Donald Judd installed seven anodized aluminum works at his studio at Las Casas. Each of the works has dimensions that are consistently proportional, either 1:2:1 or, as in this work, 1:4:1. For this piece, Judd used black and amber acrylic sheets in an additional proportional relationship of 1:2 with a center divider.
In 1987, Judd began using Eichholteren, a former hotel located on a lakeside site near Küssnacht am Rigi, Switzerland, as a home and studio. The factory where this work was fabricated, as well as the additional works installed in Judd’s studio at Las Casas, is approximately one hour’s drive from Eichholteren.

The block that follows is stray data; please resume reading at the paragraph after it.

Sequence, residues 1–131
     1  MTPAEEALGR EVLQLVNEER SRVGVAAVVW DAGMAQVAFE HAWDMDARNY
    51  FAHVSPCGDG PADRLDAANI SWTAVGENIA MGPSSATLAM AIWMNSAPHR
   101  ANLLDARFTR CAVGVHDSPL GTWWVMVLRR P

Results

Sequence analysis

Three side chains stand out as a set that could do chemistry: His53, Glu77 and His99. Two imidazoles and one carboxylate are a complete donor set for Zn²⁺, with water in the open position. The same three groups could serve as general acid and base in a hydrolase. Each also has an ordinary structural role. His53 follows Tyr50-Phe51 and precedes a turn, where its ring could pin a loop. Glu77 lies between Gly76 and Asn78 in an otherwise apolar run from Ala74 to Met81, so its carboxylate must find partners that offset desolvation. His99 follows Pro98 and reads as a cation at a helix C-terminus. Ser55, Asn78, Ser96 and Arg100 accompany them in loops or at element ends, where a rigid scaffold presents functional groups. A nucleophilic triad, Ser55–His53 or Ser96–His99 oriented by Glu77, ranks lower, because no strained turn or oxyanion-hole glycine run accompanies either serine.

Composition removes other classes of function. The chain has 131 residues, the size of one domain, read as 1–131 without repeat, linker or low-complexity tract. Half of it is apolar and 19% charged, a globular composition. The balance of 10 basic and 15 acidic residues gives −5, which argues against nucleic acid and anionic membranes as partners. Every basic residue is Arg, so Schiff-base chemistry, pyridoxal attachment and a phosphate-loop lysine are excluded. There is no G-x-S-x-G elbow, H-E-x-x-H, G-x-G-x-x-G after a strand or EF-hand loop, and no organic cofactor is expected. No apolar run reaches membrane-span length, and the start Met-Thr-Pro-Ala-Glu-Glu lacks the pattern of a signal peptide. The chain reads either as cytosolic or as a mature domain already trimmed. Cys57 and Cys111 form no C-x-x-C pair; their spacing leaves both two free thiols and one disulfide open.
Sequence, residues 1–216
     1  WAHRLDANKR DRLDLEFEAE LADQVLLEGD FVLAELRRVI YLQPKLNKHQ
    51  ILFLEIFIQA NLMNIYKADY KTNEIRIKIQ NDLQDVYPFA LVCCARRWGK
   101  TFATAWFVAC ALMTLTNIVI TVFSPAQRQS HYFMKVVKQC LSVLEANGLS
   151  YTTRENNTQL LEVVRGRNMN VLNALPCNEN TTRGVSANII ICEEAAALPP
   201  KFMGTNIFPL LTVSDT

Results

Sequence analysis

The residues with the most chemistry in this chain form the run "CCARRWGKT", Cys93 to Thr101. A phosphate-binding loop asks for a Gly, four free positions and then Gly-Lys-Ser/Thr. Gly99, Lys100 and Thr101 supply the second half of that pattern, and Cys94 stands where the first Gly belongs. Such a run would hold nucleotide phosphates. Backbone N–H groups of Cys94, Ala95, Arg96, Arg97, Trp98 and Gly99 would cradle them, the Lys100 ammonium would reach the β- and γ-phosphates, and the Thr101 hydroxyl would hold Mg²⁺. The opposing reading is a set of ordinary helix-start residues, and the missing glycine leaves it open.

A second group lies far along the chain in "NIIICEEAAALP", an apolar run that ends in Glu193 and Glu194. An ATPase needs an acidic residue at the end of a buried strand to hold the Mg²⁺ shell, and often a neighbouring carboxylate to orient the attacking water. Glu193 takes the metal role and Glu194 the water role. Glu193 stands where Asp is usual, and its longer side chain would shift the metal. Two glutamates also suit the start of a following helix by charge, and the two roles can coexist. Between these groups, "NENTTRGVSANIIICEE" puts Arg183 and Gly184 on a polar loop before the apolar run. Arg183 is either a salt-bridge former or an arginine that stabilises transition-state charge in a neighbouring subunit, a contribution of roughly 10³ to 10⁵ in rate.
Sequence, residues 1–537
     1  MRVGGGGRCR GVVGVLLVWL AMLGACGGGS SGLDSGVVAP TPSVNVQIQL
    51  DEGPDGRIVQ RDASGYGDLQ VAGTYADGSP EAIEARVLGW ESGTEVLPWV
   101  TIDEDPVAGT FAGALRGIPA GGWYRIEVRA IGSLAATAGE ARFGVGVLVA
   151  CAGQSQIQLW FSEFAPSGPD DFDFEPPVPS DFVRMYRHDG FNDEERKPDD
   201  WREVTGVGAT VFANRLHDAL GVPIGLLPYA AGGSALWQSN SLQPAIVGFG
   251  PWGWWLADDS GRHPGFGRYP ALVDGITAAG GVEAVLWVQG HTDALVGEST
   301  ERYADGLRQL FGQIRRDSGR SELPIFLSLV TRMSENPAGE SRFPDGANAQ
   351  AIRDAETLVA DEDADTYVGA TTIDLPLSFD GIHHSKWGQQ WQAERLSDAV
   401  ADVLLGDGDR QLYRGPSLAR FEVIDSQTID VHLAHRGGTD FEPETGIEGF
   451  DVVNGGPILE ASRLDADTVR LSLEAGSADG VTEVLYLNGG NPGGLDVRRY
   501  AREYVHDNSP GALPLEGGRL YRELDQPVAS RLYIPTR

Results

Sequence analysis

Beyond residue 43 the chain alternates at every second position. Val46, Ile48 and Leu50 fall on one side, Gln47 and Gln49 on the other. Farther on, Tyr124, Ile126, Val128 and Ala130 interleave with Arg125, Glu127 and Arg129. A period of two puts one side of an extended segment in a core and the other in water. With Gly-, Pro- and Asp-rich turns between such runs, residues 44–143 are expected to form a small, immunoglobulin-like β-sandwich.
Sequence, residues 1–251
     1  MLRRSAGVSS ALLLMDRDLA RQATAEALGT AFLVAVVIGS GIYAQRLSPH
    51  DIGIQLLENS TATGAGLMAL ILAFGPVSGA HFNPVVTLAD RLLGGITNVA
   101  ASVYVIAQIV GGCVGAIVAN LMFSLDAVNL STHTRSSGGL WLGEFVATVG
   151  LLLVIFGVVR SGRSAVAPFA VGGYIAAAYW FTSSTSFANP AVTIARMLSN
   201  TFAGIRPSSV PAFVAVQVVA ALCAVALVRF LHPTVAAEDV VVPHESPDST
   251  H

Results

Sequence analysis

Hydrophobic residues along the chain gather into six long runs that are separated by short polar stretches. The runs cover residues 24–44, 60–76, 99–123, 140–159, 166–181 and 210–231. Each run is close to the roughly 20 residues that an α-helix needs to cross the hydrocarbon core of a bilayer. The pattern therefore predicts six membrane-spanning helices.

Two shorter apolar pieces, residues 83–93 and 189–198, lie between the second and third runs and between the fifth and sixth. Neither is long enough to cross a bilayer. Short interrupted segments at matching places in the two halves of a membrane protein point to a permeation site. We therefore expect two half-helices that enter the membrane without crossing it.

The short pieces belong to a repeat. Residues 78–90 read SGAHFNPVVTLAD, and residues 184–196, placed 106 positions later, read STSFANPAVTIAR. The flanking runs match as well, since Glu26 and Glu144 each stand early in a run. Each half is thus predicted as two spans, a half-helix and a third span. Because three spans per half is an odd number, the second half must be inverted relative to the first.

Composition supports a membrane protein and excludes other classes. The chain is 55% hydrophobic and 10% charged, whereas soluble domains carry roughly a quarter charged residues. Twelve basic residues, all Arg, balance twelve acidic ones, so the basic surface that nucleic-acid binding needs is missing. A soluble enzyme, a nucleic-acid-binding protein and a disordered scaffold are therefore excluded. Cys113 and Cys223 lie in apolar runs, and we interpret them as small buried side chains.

Each work engages space by projecting from the wall, as Judd indicated, “at least as much as its height.”1 In his 1983 essay “Art and Architecture,” Judd wrote, “Proportion is very important to us, both in our minds and lives and as objectified visually, since it is thought and feeling undivided, since it is unity and harmony, easy or difficult, and often peace and quiet. Proportion is specific and identifiable in art and architecture and creates our space and time.”2